Emadwaleni High School


Mobile Health Program


The Mobile Health Program supports the core work of Star for Life coaches in schools. It aims to strengthen three main pillars – HIV/AIDS counselling and testing, referrals to external health facilities and comprehensive health education. It complements the coaches’ work by providing in-depth adolescent health education through workshops that speak more directly to issues relating to safe sex, sexual and reproductive health and rights, and the physical and emotional changes puberty brings.

This program has a staff of three, consisting of a professional registered nurse who heads the program and two HIV counsellors. The MHU staff work in close collaboration with the Star for Life coaches and the life skills teachers in Star for Life schools. The Mobile Health Program also reaches out to the community where the learners reside. Through campaigns and special interventions the MHU is able to reach out to the community in order to engage learners’ parents and other community members. The aim of this activity is to ensure that relevant information continues to be disseminated within the community and that people are educated and provided with correct information. We hope to encourage parents to start talking to their children about health-related issues.

The situation with HIV and AIDS has improved a great deal since the pandemic peaked in South Africa and Namibia around 2004-2007 thanks to the combined efforts by governments, international agencies and organisations like Star for Life. For example, the number of new infections and AIDS-related deaths have been reduced by about half. But of course, all is relative. The numbers are still very problematic, especially for the young women. The vulnerability of girls and young women in the context of HIV and AIDS is similar across the whole of Southern and Eastern Africa.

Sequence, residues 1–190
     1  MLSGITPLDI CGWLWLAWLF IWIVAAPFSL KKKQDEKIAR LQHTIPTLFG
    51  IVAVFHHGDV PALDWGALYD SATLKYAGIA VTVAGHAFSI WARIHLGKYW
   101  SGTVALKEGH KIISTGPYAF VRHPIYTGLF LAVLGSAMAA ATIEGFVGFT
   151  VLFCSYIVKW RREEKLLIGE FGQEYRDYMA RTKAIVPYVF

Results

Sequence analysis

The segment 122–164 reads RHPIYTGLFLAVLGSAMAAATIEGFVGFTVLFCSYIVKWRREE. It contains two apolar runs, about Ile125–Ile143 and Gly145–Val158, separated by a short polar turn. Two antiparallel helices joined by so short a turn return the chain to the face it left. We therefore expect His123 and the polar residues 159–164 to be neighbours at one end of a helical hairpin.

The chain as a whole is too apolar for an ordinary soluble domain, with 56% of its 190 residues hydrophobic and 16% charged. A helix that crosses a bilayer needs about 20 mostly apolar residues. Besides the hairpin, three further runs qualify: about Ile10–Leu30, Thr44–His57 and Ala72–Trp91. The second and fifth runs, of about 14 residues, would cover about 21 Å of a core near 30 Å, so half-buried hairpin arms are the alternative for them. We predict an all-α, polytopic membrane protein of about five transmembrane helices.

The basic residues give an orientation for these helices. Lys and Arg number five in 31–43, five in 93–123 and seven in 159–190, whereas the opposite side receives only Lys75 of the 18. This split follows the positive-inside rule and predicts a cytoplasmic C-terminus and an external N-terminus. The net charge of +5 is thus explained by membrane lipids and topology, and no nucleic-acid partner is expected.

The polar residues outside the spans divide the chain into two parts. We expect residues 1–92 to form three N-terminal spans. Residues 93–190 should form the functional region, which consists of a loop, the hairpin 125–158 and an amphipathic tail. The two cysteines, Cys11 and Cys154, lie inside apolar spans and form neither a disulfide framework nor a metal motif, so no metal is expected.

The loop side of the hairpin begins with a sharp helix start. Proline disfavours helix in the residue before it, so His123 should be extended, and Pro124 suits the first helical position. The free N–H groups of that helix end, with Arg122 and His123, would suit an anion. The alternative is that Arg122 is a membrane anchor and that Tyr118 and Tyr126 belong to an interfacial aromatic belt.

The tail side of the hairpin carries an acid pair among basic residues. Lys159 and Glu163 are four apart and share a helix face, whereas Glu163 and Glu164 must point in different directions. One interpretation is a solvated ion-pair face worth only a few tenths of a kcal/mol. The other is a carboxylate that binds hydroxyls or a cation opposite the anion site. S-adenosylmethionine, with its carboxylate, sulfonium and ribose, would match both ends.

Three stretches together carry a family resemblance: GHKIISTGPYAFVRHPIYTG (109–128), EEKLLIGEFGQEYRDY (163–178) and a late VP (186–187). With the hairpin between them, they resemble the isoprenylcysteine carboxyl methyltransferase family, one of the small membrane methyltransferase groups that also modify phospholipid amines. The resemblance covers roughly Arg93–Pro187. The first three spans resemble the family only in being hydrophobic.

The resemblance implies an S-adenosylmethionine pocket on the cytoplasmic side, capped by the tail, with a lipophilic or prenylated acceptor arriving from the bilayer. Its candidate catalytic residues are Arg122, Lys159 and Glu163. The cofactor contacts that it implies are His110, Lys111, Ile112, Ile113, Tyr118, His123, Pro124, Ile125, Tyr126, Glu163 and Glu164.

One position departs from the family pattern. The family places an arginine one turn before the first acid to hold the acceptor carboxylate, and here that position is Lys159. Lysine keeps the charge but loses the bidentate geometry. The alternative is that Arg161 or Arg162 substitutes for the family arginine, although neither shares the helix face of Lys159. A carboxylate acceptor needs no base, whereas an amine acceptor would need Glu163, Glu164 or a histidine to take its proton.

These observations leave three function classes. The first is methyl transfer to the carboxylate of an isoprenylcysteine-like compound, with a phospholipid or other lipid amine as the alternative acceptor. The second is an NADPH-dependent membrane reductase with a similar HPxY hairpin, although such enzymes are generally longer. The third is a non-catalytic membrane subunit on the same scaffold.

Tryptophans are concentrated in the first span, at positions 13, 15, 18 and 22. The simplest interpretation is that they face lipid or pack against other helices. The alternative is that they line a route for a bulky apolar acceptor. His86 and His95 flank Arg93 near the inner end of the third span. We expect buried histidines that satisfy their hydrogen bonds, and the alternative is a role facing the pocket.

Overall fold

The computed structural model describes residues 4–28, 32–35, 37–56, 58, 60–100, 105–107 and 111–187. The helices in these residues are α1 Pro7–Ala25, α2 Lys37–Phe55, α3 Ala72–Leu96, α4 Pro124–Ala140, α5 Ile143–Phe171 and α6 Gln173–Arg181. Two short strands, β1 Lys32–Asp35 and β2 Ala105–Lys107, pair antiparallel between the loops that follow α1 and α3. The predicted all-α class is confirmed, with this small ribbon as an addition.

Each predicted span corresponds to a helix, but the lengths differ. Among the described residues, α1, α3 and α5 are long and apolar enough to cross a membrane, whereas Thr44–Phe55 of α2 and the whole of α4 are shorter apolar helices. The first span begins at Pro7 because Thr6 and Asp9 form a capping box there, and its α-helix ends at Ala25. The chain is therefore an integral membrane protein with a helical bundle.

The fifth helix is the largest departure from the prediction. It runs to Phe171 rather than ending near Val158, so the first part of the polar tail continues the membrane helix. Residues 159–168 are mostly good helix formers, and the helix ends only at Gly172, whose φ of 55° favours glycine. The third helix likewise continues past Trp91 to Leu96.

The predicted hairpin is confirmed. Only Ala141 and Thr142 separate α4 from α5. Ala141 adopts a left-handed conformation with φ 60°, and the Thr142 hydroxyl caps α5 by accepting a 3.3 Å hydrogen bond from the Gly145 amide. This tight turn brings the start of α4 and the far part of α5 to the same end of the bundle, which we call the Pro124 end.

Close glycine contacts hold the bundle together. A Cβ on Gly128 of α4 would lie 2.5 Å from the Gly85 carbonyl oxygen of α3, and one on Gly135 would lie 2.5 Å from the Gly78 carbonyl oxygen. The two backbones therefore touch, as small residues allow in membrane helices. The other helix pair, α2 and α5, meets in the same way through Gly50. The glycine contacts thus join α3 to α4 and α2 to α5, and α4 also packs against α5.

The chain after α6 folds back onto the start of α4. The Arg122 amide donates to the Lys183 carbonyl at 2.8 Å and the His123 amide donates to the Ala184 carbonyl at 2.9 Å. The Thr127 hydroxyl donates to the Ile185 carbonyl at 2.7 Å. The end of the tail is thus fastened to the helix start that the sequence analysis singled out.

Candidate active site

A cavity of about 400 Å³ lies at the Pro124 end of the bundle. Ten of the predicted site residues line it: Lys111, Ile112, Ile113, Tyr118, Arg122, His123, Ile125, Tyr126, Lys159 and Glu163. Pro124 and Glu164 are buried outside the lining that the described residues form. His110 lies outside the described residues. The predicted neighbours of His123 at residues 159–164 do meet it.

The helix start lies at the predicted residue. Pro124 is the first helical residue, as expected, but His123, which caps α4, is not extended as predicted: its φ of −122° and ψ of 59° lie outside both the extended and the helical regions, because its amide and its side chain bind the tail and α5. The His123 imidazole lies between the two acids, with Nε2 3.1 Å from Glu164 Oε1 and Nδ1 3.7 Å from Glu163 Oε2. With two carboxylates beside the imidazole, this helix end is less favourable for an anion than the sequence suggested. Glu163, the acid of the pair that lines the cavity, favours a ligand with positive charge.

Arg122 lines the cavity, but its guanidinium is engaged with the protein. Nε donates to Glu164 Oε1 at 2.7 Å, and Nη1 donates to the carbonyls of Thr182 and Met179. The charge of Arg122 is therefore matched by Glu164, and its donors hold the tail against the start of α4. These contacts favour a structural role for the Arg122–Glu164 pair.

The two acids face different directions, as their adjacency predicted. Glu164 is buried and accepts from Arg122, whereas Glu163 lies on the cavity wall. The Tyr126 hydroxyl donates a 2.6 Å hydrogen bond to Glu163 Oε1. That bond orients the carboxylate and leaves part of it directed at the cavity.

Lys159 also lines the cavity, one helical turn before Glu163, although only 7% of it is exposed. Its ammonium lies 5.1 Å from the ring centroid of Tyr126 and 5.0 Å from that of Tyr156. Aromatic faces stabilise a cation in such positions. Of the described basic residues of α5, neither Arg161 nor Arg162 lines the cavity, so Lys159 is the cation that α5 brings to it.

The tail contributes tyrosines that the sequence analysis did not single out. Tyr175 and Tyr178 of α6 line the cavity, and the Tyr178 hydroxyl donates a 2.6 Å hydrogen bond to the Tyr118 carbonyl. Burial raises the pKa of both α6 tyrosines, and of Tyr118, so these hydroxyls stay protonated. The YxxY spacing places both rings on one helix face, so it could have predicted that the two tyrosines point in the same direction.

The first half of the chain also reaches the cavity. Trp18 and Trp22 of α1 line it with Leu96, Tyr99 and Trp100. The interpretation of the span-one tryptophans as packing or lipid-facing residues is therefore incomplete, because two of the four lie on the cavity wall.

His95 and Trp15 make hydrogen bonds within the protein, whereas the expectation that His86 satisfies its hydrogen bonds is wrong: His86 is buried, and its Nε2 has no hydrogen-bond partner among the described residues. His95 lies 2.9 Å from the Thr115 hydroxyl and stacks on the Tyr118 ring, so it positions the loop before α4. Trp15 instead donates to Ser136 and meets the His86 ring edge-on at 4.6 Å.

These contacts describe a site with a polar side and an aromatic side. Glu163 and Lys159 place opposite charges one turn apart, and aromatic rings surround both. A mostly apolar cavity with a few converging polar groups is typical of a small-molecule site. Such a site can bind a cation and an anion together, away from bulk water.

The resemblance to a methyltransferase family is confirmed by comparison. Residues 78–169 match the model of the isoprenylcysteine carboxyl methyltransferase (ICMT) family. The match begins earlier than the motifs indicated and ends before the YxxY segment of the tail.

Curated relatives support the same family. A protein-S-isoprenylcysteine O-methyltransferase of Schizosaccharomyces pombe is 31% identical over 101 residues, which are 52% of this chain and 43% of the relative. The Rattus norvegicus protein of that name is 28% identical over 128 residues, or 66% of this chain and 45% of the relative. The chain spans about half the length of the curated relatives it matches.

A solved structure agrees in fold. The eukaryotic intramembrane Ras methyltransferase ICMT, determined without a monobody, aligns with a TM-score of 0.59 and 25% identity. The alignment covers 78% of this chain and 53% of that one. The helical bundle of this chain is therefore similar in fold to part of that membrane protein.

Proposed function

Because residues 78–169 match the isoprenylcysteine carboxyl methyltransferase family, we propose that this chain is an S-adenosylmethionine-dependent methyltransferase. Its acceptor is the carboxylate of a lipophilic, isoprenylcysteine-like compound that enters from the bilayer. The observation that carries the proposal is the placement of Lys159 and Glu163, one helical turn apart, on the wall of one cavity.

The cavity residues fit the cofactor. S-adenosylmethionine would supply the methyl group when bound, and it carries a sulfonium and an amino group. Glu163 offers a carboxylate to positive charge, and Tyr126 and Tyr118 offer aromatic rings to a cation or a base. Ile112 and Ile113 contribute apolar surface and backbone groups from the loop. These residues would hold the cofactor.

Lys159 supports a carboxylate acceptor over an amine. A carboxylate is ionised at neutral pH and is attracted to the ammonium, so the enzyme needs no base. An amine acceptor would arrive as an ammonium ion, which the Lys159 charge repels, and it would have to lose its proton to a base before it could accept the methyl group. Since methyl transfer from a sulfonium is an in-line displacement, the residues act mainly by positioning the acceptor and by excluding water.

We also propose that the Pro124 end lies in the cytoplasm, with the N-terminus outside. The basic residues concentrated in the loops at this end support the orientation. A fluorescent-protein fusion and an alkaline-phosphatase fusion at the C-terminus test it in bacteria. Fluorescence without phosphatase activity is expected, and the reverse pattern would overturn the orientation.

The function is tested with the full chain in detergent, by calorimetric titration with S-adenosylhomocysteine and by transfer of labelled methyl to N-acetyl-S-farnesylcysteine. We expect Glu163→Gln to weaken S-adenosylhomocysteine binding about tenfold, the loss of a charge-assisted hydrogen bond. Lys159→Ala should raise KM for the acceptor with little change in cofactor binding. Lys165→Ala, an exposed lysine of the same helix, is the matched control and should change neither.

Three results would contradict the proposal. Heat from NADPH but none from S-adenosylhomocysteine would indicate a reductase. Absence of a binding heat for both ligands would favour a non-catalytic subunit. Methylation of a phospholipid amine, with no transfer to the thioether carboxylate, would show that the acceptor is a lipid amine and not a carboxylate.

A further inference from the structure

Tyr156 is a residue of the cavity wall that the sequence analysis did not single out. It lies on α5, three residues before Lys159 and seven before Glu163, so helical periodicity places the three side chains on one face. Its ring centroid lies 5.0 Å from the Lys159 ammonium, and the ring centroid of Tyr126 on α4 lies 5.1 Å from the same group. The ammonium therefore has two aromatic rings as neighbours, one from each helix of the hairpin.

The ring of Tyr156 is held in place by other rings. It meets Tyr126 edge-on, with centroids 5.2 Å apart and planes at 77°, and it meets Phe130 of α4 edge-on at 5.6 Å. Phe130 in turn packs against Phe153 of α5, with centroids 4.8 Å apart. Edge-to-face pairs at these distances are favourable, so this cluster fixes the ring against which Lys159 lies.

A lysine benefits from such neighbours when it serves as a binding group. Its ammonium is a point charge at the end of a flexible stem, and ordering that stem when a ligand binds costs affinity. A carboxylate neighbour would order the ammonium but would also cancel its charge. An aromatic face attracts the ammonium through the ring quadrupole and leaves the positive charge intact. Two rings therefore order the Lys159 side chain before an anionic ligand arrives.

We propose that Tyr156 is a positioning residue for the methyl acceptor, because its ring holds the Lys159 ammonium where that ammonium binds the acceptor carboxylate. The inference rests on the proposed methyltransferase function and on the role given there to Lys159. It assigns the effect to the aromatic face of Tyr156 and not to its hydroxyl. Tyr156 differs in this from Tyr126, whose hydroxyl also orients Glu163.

One of the major reasons for this is thought to be the lack of or limited access to adolescent friendly health services. Young people report feeling stigmatised and discriminated against when seeking sexual health services in their community clinics.

As a response to this in 2010, Star for Life launched their first Mobile Health Unit in KwaZulu-Natal, South Africa. Its main purpose was to scale up adolescent friendly health care services amongst learners who are in Star for Life schools. The program in KwaZulu-Natal had been running for five years when an evaluation was conducted and results showed that the program was helping to reduce HIV among young people and increase knowledge of HIV/AIDS. Based on these findings the program was awarded further funding to expand its operation to other Star for Life sites – the Gauteng Province and Namibia.

Facts and reports about health:

    Key statistics from South Africa for the year 2018 (source: UNAIDS):

  • HIV prevalence among people aged 15-49 was 20.4%
  • In total, 240.000 people were newly infected by HIV
  • Among youth aged 15-24 years, the number of girls that were newly infected was more than double that of the boys (69.000 compared to 25.000). In general, about 190 girls and young women were infected every day.
  • Less than half of youth (15-24 years) were able to correctly ways of preventing HIV transmission.

The situation in Namibia is very similar to that in South Africa, although the absolute numbers are smaller due to the much smaller population. The vulnerability of girls and young women in the context of HIV and AIDS is similar across the whole of Southern and Eastern Africa.